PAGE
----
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A collection of things I find shareworthy. Content here probably (a) made me laugh, (b) inspired me, or (c) taught me something.
Curated by Ally Greer
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The secrets of body language: why you should never cross your arms again

The secrets of body language: why you should never cross your arms again | Shareables | Scoop.it
What can I do to improve my body language with some simple, actionable tips? The latest research reveals the best tips to improve your body language easily:
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Olivia Locher - I Fought the Law

Olivia Locher - I Fought the Law | Shareables | Scoop.it
Ally Greer's insight:

Seriously awesome photo series by Olivia Locher that pokes fun at ridiculous laws, like the one that states that it's illegal to have an ice cream cone in your back pocket at any time in Alamaba.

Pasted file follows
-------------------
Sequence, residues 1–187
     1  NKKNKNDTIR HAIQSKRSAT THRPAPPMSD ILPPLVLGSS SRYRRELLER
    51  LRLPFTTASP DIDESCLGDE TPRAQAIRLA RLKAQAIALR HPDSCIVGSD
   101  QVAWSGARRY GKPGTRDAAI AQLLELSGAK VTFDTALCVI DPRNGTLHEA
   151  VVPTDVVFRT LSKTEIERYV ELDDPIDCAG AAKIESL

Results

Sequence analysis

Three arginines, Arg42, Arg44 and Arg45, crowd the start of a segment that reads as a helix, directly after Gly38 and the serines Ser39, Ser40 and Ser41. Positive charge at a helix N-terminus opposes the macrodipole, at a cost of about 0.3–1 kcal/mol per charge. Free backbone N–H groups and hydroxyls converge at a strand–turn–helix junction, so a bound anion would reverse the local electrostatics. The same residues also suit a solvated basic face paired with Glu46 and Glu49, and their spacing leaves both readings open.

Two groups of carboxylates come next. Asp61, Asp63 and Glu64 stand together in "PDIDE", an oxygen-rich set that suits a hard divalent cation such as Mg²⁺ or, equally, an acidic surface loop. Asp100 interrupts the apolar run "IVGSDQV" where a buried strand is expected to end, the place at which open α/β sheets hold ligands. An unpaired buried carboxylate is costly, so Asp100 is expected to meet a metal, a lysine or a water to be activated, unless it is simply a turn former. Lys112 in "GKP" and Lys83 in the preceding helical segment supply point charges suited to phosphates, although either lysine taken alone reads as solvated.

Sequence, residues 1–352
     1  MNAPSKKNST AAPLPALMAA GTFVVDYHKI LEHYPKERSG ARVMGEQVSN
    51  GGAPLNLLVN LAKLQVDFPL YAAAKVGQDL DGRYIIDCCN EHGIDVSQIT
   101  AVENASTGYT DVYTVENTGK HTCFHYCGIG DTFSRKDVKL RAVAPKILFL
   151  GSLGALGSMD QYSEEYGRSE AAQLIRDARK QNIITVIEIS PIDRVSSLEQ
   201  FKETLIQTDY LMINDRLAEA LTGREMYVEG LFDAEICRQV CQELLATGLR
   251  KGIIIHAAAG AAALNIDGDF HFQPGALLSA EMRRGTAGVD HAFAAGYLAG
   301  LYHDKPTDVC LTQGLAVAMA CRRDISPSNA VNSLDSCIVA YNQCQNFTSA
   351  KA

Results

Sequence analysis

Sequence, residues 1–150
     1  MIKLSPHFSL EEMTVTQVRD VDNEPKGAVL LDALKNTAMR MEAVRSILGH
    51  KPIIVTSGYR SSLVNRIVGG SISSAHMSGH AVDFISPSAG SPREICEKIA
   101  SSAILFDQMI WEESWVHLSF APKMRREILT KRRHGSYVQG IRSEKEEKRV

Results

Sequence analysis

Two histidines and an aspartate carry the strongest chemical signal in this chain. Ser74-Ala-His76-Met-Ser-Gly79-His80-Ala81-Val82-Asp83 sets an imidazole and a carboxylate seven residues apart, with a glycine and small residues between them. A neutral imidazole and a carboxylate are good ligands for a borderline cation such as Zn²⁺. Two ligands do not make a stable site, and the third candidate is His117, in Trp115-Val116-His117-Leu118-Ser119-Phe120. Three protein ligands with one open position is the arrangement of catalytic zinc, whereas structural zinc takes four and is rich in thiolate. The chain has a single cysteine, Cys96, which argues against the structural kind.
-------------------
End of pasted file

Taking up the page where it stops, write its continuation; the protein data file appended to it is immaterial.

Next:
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5 Cognitive Biases and How to Fight Them

One of the key activities associated with learning is exploring and understanding the way the human brain functions, and using the results of this to properly h
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Ally Greer's curator insight, November 1, 2013 8:31 PM

Show your brain who's boss and beat cognitive biases that can harm your critical thinking skills!

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Scariest Social Media Costume of 2014 Revealed

Scariest Social Media Costume of 2014 Revealed | Shareables | Scoop.it
Scariest Social Media Costume of 2014 Revealed - Social Media Guru and Sexy Social Media Influencer neck-in-neck for the honor!
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Awesome Mash-Up Art Where Superheroes Are Inserted Into Classic Paintings

Awesome Mash-Up Art Where Superheroes Are Inserted Into Classic Paintings | Shareables | Scoop.it

Via TotalMad, Brian Yanish - MarketingHits.com, Christina Guenther
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Christina Guenther's curator insight, October 18, 2013 12:58 AM

Don't forget to press the "view more" button I promise its worth it!